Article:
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Thursday, June 13, 2024

Unveiling Volt Typhoon: A State-Sponsored Cyber Threat from China

Insights, Tools, and Mitigations from Joint Advisory

US and global cybersecurity agencies issue a joint advisory, shedding light on the activities of a state-sponsored cyber actor called “Volt Typhoon” originating from China.

The impact of Volt Typhoon’s actions on critical infrastructure networks in the United States has been acknowledged by private-sector collaborators. This advisory emphasizes that similar methodologies could be employed by the threat actors to target various sectors globally.

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Security Agencies Involved

Several renowned cybersecurity agencies collaborated in issuing this joint advisory. They include:

  1. The United States National Security Agency (NSA)
  2. The U.S. Cybersecurity and Infrastructure Security Agency (CISA)
  3. The U.S. Federal Bureau of Investigation (FBI)
  4. The Australian Signals Directorate’s Australian Cyber Security Centre (ACSC)
  5. The Communications Security Establishment’s Canadian Centre for Cyber Security (CCCS)
  6. The New Zealand National Cyber Security Centre (NCSC-NZ)
  7. The United Kingdom National Cyber Security Centre (NCSC-UK)

Modus Operandi

Leveraging the “Living off the Land” Technique One significant approach employed by Volt Typhoon involves the utilization of the “living off the land” technique.

This technique relies on existing network administration tools to achieve their objectives, enabling them to operate discreetly. By seamlessly integrating with standard Windows operations, they can bypass detection by EDR systems that would typically flag the presence of external applications. Furthermore, their activities in default logs are minimized, making it harder to track their actions.

Built-in Tools Leveraged by Volt Typhoon

The threat actors employ various built-in tools to carry out their malicious activities. Some of the tools identified are:

  1. wmic
  2. ntdsutil
  3. netsh
  4. PowerShell

Challenges for Defenders

Matching Baseline Behavior and Command Variability Defenders face the challenge of assessing matches between normal system behavior and the activities performed by Volt Typhoon.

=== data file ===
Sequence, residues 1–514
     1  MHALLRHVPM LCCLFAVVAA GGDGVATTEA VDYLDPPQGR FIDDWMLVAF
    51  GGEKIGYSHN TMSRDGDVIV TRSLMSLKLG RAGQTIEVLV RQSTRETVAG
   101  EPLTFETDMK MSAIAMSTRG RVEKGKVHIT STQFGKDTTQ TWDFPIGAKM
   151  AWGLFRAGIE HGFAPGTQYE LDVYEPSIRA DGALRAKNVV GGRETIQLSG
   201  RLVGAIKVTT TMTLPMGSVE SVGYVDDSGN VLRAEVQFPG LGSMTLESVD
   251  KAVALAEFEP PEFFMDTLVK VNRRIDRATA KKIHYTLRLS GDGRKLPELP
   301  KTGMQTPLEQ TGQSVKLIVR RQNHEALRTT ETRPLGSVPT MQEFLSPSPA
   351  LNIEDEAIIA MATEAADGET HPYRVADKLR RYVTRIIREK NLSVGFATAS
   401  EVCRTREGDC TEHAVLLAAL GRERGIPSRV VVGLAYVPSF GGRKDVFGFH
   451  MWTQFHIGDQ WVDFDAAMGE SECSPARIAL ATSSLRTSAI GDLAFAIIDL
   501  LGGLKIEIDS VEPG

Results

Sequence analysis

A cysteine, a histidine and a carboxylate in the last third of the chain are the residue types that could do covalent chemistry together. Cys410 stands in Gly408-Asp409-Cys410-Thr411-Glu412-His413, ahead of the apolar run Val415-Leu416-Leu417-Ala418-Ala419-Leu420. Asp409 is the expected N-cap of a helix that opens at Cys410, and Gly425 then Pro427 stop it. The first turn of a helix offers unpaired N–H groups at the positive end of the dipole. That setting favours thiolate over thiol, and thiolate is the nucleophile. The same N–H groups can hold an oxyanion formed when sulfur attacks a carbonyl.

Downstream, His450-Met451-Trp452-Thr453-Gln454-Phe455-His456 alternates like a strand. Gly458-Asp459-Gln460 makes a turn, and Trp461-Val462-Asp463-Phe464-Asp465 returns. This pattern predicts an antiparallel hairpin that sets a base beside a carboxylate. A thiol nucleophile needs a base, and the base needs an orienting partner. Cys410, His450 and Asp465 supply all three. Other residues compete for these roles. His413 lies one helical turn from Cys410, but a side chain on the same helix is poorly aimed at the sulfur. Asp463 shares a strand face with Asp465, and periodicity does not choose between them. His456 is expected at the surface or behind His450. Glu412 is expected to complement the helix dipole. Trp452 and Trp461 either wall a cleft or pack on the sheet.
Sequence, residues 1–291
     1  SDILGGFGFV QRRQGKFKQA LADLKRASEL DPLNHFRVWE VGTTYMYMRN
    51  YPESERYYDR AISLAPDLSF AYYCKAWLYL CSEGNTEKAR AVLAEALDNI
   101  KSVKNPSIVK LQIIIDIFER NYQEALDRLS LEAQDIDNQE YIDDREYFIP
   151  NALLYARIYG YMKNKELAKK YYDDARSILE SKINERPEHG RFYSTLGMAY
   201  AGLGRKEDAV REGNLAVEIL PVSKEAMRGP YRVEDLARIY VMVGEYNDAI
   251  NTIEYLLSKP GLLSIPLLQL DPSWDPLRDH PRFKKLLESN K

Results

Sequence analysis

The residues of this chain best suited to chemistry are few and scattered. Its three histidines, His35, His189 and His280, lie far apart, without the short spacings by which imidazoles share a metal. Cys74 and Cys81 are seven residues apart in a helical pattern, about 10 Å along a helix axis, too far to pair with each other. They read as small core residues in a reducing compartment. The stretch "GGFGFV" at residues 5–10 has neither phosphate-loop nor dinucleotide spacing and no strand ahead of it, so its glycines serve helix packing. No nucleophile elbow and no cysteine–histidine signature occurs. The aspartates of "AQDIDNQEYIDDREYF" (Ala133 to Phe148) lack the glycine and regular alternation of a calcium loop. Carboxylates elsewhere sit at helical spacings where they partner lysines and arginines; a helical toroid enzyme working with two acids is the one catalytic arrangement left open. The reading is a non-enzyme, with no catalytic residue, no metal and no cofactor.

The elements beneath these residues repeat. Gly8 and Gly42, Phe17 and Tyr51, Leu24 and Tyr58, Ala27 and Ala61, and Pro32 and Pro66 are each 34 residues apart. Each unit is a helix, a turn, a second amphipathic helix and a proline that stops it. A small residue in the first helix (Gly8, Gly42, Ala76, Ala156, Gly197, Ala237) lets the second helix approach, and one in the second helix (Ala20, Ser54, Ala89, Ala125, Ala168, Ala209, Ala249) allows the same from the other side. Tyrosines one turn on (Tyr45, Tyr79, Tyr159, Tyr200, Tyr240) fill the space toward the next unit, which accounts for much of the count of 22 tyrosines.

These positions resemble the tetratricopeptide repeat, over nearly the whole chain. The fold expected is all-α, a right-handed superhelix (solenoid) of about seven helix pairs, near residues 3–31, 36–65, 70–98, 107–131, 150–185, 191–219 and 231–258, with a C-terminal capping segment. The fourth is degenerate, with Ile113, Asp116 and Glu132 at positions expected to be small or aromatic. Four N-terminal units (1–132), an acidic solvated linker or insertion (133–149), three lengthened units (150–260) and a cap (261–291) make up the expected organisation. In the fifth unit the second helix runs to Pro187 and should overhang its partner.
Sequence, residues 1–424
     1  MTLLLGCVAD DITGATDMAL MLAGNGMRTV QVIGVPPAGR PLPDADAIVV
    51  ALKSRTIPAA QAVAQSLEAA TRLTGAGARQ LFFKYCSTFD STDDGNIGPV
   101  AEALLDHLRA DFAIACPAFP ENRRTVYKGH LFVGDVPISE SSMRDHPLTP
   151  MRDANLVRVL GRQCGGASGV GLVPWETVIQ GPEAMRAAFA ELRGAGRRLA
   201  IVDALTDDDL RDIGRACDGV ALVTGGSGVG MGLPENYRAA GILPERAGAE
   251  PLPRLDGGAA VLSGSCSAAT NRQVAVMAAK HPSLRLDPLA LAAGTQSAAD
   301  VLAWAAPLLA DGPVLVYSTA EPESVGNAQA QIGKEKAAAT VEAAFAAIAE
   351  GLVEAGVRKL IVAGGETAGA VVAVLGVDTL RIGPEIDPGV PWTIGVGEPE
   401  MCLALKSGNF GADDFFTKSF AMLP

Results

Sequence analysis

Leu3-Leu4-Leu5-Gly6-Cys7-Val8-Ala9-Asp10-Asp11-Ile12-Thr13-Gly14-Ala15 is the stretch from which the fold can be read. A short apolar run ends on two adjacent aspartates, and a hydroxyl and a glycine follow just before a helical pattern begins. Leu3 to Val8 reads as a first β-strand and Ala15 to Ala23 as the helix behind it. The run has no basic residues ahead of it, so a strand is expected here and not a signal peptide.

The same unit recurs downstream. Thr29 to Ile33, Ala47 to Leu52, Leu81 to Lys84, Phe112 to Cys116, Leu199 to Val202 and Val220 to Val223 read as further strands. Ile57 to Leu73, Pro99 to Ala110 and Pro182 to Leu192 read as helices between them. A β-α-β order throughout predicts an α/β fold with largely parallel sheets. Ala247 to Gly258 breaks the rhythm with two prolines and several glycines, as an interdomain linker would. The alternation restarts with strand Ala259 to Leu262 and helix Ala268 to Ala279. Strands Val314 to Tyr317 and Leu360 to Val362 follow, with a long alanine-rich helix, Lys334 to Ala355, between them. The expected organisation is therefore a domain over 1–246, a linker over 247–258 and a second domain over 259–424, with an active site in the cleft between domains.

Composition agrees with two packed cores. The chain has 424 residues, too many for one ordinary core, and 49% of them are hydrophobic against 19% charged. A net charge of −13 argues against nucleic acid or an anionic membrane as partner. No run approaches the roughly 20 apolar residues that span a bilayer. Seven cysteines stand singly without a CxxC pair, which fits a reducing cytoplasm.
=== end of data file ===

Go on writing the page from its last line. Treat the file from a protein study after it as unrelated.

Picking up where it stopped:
It is crucial to determine the significance of these matches accurately. Additionally, defenders must consider the variability in command string arguments while developing detection strategies using the aforementioned tools. Factors like utilized ports may differ across different environments, necessitating adaptability in detection logic.

Mitigations Recommended by Authoring Agencies

The authoring agencies strongly advise organizations to implement the following measures promptly to enhance their security posture:

  1. Harden domain controllers, monitor event logs for suspicious process creations (e.g., ntdsutil.exe), and audit administrator privileges for command validation.
  2. Limit and enable port proxy usage as required within environments.
  3. Investigate command lines, registry entries, and firewall logs for unusual IP addresses and ports to identify potentially compromised hosts.
  4. Regularly review perimeter firewall configurations to detect unauthorized changes and external access to internal hosts.
  5. Monitor and detect abnormal account activity, such as off-hour logons and impossible time-and-distance logons.
  6. Implement a practice of forwarding log files to a hardened centralized logging server on a segmented network.
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Dimitris is an Information Technology and Cybersecurity professional with more than 20 years of experience in designing, building and maintaining efficient and secure IT infrastructures.
Among others, he is a certified: CISSP, CISA, CISM, ITIL, COBIT and PRINCE2, but his wide set of knowledge and technical management capabilities go beyond these certifications. He likes acquiring new skills on penetration testing, cloud technologies, virtualization, network security, IoT and many more.


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